Traveling Ted is a blog that takes readers along on my adventures hiking, canoeing, skiing, and international backpacking. Many blogs focus on one aspect of backpacking, but I tackle both the outdoor adventure side and international exploration as well.

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According to the Badlands National Park website, the average visitor to this South Dakota park spends 1-2 hours here. This means that most visitors drive the 26 mile pave scenic drive, stop at a few overlooks, snap a few pictures, and then move on to Mt. Rushmore or the Black Hills.

Badlands National Park

You cannot blame visitors for sticking to the paved scenic drive

I spent five hours in the park, so I doubled the length of the average visitor. What I saw will definitely bring me back to visit again as the park is definitely worth further exploration.

Although the main drive takes visitors through the most incredible scenery in the park, I found the Sage Creek Basin a more interesting part of the park. There is a 12 mile gravel road at the far western boundary of the park, which is about 9 miles from Wall, South Dakota on route 240.

The road starts off at the lip of some spectacular canyons, but the topography levels out the farther west one travels. It is here where the best wildlife viewing can be found. There is a healthy reintroduced population of 800 bison along this stretch of road, so buffalo sightings are a guarantee.

Badlands National Park

Buffalo roam along the Sage Creek Basin

Five miles down the road is the Roberts Prairie Dog Town. It should be called a prairie dog metropolis as there are thousands of the varmints running wild on each side of the road for miles.

Badlands National Park

One of many in the Roberts Prairie Dog Town

The amount of small prey attracts a multitude of predators. I spotted three coyotes in a matter of 15 minutes. Several golden eagles were circling the air in search of a careless prairie dog that might stray too far from safety. Pronghorn and deer are also frequently spotted on this stretch of road.

Badlands National Park

A coyote saunters away as the prairie dogs suspiciously look on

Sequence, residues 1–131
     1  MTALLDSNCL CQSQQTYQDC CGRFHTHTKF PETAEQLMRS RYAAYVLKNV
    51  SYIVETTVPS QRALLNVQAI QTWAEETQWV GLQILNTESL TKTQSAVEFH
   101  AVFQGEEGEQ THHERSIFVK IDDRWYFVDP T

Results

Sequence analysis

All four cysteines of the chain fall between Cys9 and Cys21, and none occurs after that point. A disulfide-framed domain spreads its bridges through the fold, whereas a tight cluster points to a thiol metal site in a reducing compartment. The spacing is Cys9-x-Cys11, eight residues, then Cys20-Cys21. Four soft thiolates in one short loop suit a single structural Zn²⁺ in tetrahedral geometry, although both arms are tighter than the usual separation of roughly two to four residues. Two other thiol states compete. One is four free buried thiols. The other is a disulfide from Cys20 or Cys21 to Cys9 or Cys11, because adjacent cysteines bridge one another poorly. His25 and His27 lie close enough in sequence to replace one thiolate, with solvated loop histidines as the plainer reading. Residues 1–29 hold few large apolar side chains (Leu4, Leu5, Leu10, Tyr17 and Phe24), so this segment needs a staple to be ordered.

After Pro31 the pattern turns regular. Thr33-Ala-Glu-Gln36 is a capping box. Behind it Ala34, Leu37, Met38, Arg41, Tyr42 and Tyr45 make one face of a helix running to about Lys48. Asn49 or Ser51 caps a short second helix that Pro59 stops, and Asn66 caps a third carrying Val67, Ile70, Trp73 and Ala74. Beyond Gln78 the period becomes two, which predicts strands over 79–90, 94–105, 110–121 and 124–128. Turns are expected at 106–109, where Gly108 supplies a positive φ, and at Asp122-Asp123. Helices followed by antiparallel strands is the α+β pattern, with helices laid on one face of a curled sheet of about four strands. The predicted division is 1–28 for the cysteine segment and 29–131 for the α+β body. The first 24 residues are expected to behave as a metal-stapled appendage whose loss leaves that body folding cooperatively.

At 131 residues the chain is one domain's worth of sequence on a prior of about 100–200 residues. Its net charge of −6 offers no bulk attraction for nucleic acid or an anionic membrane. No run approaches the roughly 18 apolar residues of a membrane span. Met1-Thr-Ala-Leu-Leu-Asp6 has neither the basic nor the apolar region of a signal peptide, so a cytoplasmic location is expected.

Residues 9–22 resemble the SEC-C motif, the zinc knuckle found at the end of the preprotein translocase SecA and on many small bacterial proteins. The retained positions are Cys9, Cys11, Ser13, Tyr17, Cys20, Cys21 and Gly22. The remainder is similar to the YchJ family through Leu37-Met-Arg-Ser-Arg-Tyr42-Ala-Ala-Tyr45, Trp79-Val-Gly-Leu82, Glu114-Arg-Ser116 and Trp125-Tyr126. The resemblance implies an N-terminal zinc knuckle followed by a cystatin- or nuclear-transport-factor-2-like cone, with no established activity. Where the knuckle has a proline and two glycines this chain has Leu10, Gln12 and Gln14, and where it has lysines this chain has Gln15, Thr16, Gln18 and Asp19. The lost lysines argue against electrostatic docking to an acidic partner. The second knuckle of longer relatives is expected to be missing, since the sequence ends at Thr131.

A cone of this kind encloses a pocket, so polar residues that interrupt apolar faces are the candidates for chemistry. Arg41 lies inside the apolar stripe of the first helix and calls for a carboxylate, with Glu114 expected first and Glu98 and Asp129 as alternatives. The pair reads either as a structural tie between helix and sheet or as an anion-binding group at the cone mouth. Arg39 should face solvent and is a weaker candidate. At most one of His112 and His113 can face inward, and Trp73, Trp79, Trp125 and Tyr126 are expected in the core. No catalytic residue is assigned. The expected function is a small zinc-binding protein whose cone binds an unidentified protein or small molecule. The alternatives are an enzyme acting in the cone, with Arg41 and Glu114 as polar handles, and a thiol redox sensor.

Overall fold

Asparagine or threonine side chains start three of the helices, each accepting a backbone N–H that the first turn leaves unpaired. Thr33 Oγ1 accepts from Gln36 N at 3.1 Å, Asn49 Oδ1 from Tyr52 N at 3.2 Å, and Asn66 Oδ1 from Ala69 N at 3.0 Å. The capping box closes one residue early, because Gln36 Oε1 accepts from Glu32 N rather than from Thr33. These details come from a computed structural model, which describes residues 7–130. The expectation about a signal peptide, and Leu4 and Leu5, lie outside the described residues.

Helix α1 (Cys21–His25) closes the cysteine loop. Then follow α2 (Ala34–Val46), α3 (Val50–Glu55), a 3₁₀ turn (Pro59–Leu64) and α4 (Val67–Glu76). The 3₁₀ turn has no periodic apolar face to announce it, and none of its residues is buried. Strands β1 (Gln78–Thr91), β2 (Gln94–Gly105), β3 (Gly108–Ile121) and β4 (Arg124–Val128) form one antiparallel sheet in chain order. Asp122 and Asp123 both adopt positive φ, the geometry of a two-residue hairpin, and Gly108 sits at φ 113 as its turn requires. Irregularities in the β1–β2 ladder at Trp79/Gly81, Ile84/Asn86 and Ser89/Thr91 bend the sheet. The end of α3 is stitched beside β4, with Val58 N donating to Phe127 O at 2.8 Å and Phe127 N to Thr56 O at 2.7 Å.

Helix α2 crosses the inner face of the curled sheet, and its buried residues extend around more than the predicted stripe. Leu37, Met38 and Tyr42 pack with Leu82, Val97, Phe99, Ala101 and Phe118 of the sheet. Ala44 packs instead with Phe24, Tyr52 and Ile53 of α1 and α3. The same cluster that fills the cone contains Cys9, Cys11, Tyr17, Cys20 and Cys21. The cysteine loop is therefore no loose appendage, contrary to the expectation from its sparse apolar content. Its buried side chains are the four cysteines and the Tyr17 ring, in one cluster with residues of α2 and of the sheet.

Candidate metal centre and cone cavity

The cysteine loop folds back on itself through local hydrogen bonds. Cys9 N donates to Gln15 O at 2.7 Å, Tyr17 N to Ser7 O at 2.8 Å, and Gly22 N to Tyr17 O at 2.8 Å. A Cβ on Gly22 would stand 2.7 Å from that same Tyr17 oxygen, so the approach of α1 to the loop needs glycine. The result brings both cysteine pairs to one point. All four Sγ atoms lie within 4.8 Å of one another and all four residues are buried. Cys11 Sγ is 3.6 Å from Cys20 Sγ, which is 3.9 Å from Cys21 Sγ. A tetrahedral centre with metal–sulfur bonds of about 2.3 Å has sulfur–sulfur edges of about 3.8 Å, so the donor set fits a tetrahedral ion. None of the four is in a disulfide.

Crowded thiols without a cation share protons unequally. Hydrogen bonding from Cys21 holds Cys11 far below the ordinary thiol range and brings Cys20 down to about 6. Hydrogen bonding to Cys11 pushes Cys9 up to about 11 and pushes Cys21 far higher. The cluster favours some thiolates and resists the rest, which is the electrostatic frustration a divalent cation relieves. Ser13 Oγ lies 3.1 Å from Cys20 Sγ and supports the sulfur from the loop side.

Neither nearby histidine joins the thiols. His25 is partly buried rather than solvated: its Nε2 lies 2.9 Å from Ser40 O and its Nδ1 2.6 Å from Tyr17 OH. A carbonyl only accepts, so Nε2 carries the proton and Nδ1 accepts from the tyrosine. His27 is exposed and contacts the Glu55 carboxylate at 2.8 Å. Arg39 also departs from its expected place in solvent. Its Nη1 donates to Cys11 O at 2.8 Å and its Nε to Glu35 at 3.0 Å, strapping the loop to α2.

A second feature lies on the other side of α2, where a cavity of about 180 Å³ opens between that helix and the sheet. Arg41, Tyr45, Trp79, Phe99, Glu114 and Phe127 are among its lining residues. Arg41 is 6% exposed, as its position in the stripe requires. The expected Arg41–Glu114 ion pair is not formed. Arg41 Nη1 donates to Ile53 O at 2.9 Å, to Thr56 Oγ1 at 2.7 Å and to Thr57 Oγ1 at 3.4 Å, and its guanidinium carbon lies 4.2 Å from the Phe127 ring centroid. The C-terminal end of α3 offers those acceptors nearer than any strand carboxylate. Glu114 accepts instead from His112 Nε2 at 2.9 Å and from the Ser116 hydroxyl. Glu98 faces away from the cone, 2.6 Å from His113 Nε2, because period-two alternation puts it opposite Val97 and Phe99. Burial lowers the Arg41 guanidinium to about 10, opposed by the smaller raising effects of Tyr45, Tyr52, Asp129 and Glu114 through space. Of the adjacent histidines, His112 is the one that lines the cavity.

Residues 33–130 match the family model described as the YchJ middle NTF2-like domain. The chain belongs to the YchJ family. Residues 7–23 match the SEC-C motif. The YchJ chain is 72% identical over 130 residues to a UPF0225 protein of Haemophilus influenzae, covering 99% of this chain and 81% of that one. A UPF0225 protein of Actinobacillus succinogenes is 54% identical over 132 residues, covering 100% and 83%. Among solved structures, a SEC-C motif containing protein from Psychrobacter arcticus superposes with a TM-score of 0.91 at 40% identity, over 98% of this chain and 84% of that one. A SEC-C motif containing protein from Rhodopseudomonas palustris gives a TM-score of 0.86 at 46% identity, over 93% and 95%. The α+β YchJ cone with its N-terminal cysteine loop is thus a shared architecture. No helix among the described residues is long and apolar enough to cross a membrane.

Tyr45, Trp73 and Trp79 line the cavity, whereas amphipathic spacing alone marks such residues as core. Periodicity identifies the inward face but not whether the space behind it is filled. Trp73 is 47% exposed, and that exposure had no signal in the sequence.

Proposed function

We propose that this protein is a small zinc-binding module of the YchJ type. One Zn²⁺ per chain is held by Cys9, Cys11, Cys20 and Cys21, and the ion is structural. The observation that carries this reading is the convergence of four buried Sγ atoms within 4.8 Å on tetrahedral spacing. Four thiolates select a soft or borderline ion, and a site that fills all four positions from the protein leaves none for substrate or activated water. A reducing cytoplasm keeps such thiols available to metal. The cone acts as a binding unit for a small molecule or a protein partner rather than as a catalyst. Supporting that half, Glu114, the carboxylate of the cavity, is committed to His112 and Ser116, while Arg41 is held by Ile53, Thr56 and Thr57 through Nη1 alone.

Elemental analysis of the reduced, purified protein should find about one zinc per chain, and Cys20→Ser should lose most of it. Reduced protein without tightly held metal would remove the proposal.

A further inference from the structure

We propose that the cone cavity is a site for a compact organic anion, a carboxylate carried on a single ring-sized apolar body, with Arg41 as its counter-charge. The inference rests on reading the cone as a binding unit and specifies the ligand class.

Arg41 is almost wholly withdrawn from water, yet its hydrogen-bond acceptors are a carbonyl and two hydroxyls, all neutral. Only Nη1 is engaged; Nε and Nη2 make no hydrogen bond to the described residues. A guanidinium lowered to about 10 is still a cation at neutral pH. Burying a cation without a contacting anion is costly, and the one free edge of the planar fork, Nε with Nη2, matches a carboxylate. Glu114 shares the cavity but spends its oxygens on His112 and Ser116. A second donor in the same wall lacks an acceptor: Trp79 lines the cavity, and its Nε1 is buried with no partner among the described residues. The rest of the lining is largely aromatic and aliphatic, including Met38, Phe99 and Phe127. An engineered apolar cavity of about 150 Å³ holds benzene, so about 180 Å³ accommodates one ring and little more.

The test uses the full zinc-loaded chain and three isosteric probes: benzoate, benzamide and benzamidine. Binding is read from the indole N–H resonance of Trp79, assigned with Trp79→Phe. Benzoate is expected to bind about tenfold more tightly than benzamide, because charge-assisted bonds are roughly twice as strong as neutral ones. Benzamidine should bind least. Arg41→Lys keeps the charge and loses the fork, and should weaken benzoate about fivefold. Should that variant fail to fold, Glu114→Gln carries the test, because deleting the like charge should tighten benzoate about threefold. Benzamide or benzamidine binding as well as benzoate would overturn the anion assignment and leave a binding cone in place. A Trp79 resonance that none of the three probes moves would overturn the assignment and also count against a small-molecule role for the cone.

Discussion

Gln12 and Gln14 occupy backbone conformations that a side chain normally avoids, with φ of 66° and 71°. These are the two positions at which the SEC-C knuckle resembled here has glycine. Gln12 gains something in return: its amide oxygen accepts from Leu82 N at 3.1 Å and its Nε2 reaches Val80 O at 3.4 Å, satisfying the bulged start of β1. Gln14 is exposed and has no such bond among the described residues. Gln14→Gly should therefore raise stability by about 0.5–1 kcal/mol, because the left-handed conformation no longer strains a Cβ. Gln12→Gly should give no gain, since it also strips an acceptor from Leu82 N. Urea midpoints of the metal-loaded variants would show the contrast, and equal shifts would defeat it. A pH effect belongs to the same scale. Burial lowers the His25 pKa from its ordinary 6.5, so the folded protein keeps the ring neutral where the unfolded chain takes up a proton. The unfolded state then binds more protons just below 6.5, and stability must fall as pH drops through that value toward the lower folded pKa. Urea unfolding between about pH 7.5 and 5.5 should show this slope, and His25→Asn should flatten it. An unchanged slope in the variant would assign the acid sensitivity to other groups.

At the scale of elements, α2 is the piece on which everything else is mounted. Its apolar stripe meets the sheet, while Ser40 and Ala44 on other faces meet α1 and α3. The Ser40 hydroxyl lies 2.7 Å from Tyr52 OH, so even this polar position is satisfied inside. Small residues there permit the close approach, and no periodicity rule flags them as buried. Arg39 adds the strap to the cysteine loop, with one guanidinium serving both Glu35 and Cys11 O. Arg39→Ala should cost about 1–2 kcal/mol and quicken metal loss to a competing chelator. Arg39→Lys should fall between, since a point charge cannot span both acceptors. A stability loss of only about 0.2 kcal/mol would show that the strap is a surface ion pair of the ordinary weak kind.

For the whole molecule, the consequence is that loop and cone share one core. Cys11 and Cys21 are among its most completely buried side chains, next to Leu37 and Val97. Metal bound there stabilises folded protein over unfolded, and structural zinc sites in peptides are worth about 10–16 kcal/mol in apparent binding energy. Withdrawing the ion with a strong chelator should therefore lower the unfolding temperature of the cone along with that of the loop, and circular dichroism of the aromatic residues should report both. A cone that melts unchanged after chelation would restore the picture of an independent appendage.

At the end of the road is a primitive campground. There is no water here, but they have picnic tables and shelter from the sun. Sites are free and are reserved on a first come first serve basis.

There are few trails in the Badlands, but hikers are allowed to hike and camp anywhere in the park. The campground is a great place to start a hike as there are buffalo trails that snake through the grassy hills that wind their way into the interior of this interesting national park.

One must be careful not to approach the buffalo as they can be ornery and dangerous. Prairie rattlesnakes are also a concern in warmer times, but the near freezing temperatures would keep them at bay at this time of the year.

Badlands National Park

Buffalo cross the gravel road in the Sage Creek Basin

I took a fifteen minute walk along one of these trails and reached the summit of one of the hills. It gave a great view of the surrounding prairie and the canyons farther east. A golden eagle soared by and came within 15 feet of me as is surveyed the prairie below.

Badlands National Park

Golden eagle soars underneath me atop a grassy knoll

I had to return to my car, but the wide open spaces and the way the sedge rustled in the wind had an eerie haunting quality that beckoned me to wander further into the park. Not on this day, but I will be back soon.

Adventure on!

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